BERKELEY HEIGHTS, N.J. (TheStreet) -- Taxpayers bear the burden of maintaining cost basis records on their investments, but most don't realize it, instead believing their financial firm is required and obligated to provide them with cost basis information.

Starting next year, investment firms


be responsible for maintaining cost basis information.

Over the next three years the burden of maintaining cost basis records on investments moves from taxpayers to investment firms.

Keep reading, though, before you fire up your shredder. You may need to keep some older documents.

The rule has been that investment firms are required to provide the IRS and their customers with a 1099-B, which shows only gross proceeds from securities transactions -- not cost basis information. (Many of the larger firms do provide supplementary cost basis documents, but to clients only.) Starting next year there will be a new 1099-B with cost basis reporting requirements. The IRS will get a copy.

Credit the change to the Emergency Economic Stabilization Act of 2008, which marks securities bought after Jan. 1 as "covered" and leaves those bought earlier as "uncovered" and not affected by the new rules. Financial firms are not on the hook for providing cost basis information on uncovered securities.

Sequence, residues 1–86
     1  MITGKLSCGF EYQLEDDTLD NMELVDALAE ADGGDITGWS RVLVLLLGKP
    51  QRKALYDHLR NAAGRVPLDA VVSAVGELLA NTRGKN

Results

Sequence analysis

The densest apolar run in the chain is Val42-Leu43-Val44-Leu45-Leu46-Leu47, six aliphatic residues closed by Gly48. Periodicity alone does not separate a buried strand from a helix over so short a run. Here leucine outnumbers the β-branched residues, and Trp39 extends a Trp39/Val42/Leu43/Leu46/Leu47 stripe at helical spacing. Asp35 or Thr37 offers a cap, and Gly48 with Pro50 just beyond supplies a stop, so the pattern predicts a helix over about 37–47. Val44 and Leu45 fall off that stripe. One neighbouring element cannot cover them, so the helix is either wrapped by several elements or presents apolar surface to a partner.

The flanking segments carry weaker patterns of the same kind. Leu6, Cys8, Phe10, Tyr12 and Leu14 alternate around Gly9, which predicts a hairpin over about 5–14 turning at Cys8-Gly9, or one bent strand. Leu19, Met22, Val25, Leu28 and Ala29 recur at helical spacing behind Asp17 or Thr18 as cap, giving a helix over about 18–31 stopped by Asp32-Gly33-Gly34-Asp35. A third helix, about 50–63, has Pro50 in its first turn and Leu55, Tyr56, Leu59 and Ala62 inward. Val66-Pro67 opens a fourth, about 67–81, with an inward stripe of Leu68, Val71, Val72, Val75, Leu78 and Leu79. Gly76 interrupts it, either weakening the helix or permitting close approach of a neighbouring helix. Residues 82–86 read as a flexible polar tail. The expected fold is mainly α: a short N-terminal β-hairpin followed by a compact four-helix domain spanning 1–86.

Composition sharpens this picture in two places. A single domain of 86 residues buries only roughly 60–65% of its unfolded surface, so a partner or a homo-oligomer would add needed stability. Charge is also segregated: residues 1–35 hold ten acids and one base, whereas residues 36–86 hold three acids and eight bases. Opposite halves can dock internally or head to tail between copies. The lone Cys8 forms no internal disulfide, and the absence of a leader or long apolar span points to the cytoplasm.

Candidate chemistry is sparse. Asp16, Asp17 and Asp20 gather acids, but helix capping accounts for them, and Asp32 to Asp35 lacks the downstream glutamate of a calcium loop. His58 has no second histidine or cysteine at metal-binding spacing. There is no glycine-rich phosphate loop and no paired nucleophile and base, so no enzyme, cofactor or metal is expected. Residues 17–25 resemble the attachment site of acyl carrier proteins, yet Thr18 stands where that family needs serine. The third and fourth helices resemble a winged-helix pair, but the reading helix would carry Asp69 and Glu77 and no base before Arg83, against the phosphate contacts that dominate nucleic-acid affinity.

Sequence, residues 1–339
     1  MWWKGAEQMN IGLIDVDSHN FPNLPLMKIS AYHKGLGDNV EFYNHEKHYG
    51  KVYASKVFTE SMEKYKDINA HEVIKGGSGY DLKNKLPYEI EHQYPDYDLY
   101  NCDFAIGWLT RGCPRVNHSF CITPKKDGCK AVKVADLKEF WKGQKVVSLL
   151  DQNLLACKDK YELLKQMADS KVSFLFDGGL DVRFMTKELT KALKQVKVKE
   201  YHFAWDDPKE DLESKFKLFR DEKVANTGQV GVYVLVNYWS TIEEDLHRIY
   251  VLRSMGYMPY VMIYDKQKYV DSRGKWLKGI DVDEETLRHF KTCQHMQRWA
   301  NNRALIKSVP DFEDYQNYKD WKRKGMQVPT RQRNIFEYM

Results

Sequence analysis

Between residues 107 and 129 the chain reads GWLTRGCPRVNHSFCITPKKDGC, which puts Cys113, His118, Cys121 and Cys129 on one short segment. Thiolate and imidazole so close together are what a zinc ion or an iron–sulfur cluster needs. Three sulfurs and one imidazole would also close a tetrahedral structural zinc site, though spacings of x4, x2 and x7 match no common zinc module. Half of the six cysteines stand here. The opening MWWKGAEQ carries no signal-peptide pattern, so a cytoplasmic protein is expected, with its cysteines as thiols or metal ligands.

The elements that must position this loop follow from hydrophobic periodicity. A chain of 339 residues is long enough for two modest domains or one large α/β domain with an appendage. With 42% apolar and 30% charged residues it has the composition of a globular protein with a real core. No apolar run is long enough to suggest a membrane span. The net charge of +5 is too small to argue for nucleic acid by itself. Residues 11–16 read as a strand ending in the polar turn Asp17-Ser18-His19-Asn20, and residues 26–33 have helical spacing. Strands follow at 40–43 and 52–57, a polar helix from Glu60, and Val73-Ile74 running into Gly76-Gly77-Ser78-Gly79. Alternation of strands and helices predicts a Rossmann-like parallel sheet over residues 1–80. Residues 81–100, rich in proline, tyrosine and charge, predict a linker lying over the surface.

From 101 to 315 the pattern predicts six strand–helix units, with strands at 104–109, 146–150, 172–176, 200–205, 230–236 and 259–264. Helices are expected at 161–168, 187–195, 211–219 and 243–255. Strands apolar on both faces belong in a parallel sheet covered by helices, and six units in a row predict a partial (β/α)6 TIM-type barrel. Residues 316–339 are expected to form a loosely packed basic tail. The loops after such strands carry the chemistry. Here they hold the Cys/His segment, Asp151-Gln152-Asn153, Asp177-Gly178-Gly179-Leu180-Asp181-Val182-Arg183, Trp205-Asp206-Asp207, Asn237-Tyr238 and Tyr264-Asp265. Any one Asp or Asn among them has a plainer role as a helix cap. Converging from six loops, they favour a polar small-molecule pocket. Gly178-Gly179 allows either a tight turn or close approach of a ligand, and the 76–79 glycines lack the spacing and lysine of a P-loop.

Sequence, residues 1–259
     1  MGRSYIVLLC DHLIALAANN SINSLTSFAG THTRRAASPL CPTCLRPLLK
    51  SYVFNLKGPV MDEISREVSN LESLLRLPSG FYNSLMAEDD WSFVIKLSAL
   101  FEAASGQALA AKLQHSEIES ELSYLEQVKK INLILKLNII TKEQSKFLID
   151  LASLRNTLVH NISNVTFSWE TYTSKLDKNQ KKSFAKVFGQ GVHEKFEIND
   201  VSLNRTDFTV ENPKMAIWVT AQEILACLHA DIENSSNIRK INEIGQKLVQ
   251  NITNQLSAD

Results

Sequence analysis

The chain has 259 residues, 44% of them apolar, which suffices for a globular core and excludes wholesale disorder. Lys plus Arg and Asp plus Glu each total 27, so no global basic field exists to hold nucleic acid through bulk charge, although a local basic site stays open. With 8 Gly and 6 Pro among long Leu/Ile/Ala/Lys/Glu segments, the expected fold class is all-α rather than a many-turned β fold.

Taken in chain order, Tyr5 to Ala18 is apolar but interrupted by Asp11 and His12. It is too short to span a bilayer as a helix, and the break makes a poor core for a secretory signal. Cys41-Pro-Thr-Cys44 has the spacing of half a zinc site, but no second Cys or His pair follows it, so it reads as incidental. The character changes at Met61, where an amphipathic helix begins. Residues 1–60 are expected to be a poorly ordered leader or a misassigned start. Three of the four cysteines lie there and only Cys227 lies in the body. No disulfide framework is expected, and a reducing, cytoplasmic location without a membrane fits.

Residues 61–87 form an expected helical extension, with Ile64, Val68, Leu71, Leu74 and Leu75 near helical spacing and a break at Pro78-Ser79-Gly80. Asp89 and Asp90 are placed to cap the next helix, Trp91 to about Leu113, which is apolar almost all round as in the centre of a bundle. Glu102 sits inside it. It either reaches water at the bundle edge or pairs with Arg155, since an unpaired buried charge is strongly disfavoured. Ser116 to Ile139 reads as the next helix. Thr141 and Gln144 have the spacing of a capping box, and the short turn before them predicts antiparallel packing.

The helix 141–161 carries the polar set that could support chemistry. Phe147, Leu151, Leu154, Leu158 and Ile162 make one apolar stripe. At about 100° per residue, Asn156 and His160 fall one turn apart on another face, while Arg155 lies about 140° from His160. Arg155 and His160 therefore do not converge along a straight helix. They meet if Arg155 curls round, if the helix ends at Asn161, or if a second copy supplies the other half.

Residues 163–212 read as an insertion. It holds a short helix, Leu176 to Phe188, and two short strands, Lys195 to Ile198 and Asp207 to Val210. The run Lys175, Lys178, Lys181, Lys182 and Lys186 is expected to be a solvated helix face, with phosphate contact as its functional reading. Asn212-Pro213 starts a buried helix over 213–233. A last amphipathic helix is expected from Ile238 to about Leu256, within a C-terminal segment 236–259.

The rules are being phased in over the next three years as follows: next year, cost basis stocks sold (excluding DRIPs) are affected; in 2012, cost basis mutual funds, ETFs and DRIPs are added; in 2013, all other securities are added.

The cost basis transfer accompanying this change is very good news. It means that when a customer moves an account to another firm, the cost basis is transferred with it. Remember, firms are only on the hook for covered securities or information they already have, not for figuring out the basis of stock you inherited from Uncle Fred in 1964. Another change: Taxpayers will no longer be on the hook for dealing with splits, mergers and wash sales (same account and same CUSIP).

Investors using alternate accounting methods when selling securities will want to call their brokerage firm. The IRS assumes you are using First in First Out when selling securities unless the brokerage has been instructed otherwise. This is not really new -- taxpayers were supposed to make alternate elections in the past -- but remember that the IRS is going to have a 1099-B from the brokerage based on the default methodology unless you say otherwise, and failure to do so could result in a different gain or loss than expected.

The new 1099-B reporting rule is a step in the right direction. Taxpayers and -- more importantly -- tax preparers should be rejoicing. I think the only group unhappy about the change are those taking advantage of the 1099-B honor system and being less than honest about their gains and losses.

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Michael Maye is the founder and president of MJM Financial Advisors, a registered investment advisory firm in Berkeley Heights, N.J. He is a member of the National Association of Personal Financial Advisors (NAPFA) and has been a speaker covering tax topics at NAPFA's national and regional conferences. Maye has also been a frequent contributor to the Star Ledger of New Jersey's 'Biz Brain' and 'Get With the Plan' articles. In addition to NAPFA, he is a member of Financial Planning Association, American Institute of Certified Public Accountants, New Jersey State Society of CPAs and the Estate Planning Council of Northern New Jersey.